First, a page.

APC SmartUPS 750, apcupsd and power failure: what exactly happens, where “UPS Rbt off” and “UPS StayOff” come from and which delays are configurable and which are not

In theory, an Uninterruptable Power Supply (UPS)’s workings such as the APC SmartUPS 750 in connection with an attached PC are trivial: when power fails and battery capacity runs low, the PC is shut down. When power returns, the PC is turned on again. In reality, there can be confusing messages such as UPS Rbt off by USB in: XXs and UPS StayOff by USB for: XXs that are not only completely undocumented in APC’s manuals but amazingly also on the Internet.

A fact that rewards writing down what I learned as a blog post. So here’s what happens step by step, based on my findings with apcupsd 3.14.14 and an APC SmartUPS 750 UPS (firmware 7.x):

  1. The power fails, apcupsd will log that and mail us but nothing else happens until either the limit for remaining battery capacity, BATTERYLEVEL or the limit for estimated remaining runtime, MINUTES has been reached or TIMEOUT seconds have passed since apcupsd noticed the UPS had to transfer to powering the PC from batteries.
  2. APC SmartUPS 750 displaying "UPS Rbt Off by UBS in: XXs" message
    APC SmartUPS 750 displaying “UPS Rbt Off by USB in: XXs” message
    apcupsd executes /etc/apcupsd/apccontrol doshutdown which initiates either a shutdown or hibernation. With SUSE distributions this is set in /etc/sysconfig/apcupsd. We will keep examining the shutdown scenario here.
  3. At the end of shutdown systemd executes a shutdown script (with SUSE distributions /usr/lib/systemd/system-shutdown/apcupsd_shutdown) which usually checks for presence of /etc/apcupsd/powerfail, which has been created beforehand by apcupsd. The file exists, thus the script calls /etc/apcupsd/apccontrol killpower.
  4. The apccontrol script, now called with the killpower argument, once again warns that power to the PC is going to be killed. After a delay of 10 seconds it calls apcupsd --killpower, which tries to program the UPS to shutdown, detail of which we will see below.
  5. Since we’re in the “modern” ATX world, the attached PC turns off itself. Well, soft-off, not physically off as in flipping a power switch.
  6. The UPS will wait some time before it really kills the power to the PC and show on its display “UPS Rbt off by USB in: XXs” — a message totally undocumented just like the fact that this delay is not configurable in apcupsd! This delay is instead configurable through the USV’s menu: Control -> Main group outlets -> Turn Off Delay (the SmartUPS 750 has only one controllable outlet group). Also note that the UPS will ignore if the power returns during this countdown.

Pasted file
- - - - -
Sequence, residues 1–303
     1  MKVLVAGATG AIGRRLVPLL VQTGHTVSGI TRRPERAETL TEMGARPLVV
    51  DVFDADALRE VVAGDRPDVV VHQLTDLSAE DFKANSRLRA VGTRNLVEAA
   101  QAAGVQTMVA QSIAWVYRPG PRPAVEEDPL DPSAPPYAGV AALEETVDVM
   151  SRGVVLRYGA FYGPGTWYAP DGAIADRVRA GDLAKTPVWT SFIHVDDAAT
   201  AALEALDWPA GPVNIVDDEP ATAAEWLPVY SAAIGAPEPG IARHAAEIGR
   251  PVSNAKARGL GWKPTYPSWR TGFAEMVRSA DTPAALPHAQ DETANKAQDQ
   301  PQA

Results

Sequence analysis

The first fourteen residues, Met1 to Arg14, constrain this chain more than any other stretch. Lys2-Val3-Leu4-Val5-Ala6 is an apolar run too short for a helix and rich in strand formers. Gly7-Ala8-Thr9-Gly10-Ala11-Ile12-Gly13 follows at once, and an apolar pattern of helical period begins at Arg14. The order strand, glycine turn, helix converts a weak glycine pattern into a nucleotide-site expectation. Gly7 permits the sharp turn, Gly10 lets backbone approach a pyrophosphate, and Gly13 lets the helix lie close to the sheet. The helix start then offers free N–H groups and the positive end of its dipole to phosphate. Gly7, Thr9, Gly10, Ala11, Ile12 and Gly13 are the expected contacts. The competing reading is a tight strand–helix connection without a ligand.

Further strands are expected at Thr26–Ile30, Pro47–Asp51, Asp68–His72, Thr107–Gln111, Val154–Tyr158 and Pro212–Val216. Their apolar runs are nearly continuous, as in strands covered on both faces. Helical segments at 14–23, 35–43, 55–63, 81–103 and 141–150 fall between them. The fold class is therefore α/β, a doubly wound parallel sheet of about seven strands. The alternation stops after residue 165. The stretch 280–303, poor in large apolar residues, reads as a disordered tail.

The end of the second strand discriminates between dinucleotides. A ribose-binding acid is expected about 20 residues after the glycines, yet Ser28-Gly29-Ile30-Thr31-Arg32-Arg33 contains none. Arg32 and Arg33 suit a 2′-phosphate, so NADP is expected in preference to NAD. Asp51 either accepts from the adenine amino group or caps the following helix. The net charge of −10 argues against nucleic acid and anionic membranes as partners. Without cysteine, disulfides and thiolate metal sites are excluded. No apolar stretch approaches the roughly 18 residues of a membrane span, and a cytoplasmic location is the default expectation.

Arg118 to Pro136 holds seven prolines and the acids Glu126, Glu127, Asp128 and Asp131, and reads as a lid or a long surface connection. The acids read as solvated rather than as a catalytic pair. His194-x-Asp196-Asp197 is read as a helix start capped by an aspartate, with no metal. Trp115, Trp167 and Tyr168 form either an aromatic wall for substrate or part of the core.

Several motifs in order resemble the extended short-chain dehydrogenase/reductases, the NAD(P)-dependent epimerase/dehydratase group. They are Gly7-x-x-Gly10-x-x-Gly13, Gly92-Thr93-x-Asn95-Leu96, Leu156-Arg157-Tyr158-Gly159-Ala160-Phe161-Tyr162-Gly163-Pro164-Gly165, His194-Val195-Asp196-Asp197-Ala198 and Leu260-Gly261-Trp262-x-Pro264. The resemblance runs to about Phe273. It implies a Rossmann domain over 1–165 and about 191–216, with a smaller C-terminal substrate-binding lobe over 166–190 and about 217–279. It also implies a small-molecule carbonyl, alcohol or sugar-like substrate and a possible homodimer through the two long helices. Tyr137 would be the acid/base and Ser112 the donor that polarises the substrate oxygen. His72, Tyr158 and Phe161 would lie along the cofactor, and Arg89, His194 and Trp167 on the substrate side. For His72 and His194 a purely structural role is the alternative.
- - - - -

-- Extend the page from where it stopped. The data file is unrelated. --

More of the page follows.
7. APC SmartUPS 750 showing "UPS StayOff by USB for: XXs" message
    APC SmartUPS 750 showing “UPS StayOff by USB for: XXs” message
    The UPS shuts down, meaning: the main group outlets will be turned off, in case that wasn’t clear. The UPS itself will still be controllable via its display and keys.
  8. The UPS will then show another weird message: “UPS StayOff by USB for: XXs”. Again, you can try googling it but it’s hard to find any explanation of this message, so I will have to jump in: this is a delay during which the UPS will for whatever reason stay off, further ignoring any possibly returning power. This delay is also neither configurable in apcupsd nor at the unit itself, especially it’s neither “Turn On Delay” nor “Minimum Return Runtime”. Instead it’s the result of the earlier mentioned apcupsd trying to program the UPS. I had to read its sources to find out that a.) a value of 10 seconds is hard-coded into apcupsd and b.) some/most (?) UPSes apparently round up that value to the next 60 seconds. So, no, you can’t actually modify this delay.
  9. Now after this delay, should the power have returned the UPS will turn on the main group outlets immediately. No, again, it will not honor the configured Turn On Delay.
  10. If you configured the attached PC correctly to power on after power loss, it will now boot again automatically.

So basically this all will work just fine even if you’re physically away and the power fails for a longer time that the UPS’s batteries last, provided that when the power returns it stays available. If the power fails when the system boots again, the then remaining battery capacity hopefully lasts long enough for apcupsd to immediately shutdown the system again.

But what’s the use of the Power On Delay then? It seems to be only used when you use the UPS’s interface and go to Control -> Power On with Delay. Wow. Impressive. Maybe that’s when Minimum Return Runtime is also actually taken into consideration…

Some of my observations may be specific to my particular UPS and firmware versions, but I guess we can once again thank APC for such a brilliant undocumented interface. Read more about all the fun in apcupsd’s usb driver sourcecode lines 805ff, e.g. line 963/964.